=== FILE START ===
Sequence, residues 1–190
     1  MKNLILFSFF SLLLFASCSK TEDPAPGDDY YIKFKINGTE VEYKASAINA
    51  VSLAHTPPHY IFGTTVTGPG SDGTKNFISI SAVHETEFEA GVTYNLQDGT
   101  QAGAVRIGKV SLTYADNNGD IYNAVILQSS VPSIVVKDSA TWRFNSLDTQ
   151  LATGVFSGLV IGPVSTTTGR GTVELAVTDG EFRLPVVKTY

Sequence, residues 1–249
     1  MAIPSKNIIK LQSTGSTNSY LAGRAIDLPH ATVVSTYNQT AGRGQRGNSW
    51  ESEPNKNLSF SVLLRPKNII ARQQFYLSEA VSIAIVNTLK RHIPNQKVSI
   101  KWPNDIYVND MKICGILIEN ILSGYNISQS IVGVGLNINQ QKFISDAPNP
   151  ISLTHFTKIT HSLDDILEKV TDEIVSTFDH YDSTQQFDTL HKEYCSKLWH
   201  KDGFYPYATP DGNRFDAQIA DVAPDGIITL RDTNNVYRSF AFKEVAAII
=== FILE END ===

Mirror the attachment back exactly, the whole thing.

Sequence, residues 1–190
     1  MKNLILFSFF SLLLFASCSK TEDPAPGDDY YIKFKINGTE VEYKASAINA
    51  VSLAHTPPHY IFGTTVTGPG SDGTKNFISI SAVHETEFEA GVTYNLQDGT
   101  QAGAVRIGKV SLTYADNNGD IYNAVILQSS VPSIVVKDSA TWRFNSLDTQ
   151  LATGVFSGLV IGPVSTTTGR GTVELAVTDG EFRLPVVKTY

Sequence, residues 1–249
     1  MAIPSKNIIK LQSTGSTNSY LAGRAIDLPH ATVVSTYNQT AGRGQRGNSW
    51  ESEPNKNLSF SVLLRPKNII ARQQFYLSEA VSIAIVNTLK RHIPNQKVSI
   101  KWPNDIYVND MKICGILIEN ILSGYNISQS IVGVGLNINQ QKFISDAPNP
   151  ISLTHFTKIT HSLDDILEKV TDEIVSTFDH YDSTQQFDTL HKEYCSKLWH
   201  KDGFYPYATP DGNRFDAQIA DVAPDGIITL RDTNNVYRSF AFKEVAAII